“I mean anything that there’s an interest in and you can find a leader to help guide, you can do anything,” Tibbits said. “I did pretty much every single project 4-H offered out in Pahrump except for market steers.”

Tibbits agreed that the rules and record-keeping requirements of 4-H has helped him in running his ranch.

“It’s helped me actually quite a bit now keeping all the records for the farm,” he said.

After he turned 18, Tibbits volunteered as a leader and helped kids in showing. Now, he will be stepping back into the show ring mentoring his 10-year-old daughter, Hailey Mahler. She, too, is interested in raising and showing swine like her dad.

“I get to be responsible to grow up livestock and sell it and then teach people to be in 4-H,” Mahler said. She and dad will be bringing their big boar “Chops” to the Fall Festival as part of a contest to guess the weight of the “porker.”

For a small fee, participants can guess the weight. Whoever comes closest without going over, splits the pot with the 4-H Club.

Mahler wasn’t giving any clues except to say:

“He’s BIG ….”

Other activities in the 4-H area at the festival will include an old-time washboard for kids to come and learn about washing clothes by hand and chicken bingo, just to mention a few. Any proceeds raised by the 4-H Club during the festival will be used by the youth for future fundraisers to give back to the community.

Tibbits also mentioned that being a part of 4-H helped him learn about community service projects including one several years ago called “Christmas In April”. The 4-H’ers, along with other local organizations, would select an elderly couple who needed assistance in pulling weeds and making home repairs.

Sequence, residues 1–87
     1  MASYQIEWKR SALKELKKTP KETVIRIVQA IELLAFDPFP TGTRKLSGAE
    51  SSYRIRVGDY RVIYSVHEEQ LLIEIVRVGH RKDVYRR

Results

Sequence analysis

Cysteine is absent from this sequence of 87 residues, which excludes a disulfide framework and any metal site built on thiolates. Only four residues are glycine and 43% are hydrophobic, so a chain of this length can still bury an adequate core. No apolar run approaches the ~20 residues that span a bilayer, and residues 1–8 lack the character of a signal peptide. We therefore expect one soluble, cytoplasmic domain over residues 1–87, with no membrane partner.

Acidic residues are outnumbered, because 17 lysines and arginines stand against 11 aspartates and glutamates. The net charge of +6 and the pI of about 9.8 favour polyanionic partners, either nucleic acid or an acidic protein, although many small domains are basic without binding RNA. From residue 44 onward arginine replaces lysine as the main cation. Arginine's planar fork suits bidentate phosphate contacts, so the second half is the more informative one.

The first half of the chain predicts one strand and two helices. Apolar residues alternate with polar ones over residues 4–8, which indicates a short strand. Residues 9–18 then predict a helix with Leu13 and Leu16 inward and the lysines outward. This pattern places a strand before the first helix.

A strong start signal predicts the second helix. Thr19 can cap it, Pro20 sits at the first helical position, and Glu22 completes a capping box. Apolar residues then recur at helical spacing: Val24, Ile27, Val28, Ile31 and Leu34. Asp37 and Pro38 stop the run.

“I’ve taught myself to give back to the community and I sit on the Search and Rescue Team as a volunteer search and rescue member,” Tibbits said.

Smith and 4-H youth have visited the Pahrump Health & Rehabilitation Center (formerly Evergreen) for the residents to interact with baby goats and rabbits in a type of pet therapy program. Also, according to Smith, many of the club members adopt a family at Christmas and provide food and presents for them. The kids wash cars and host other fundraisers to earn money to carry out these community projects.

You can learn more about the Southern Nye County 4-H Club by visiting their booth at the Fall Festival at Petrack Park next Thursday through Sunday. They are hoping to recruit new members and adult leaders.

Burson said, “4-H is only as good as its adult leaders.”

New member Hailey Mahler would like to see more kids join the club.

“To learn about animals and to show that they could do it,” she added.

The 4-H organization has approximately 6.5 million members in the United States across 90,000 clubs.

The group holds a general club meeting the first Monday of each month beginning at 6 p.m. at the University of Nevada Cooperative Extension Office, 1651 E. Calvada Blvd.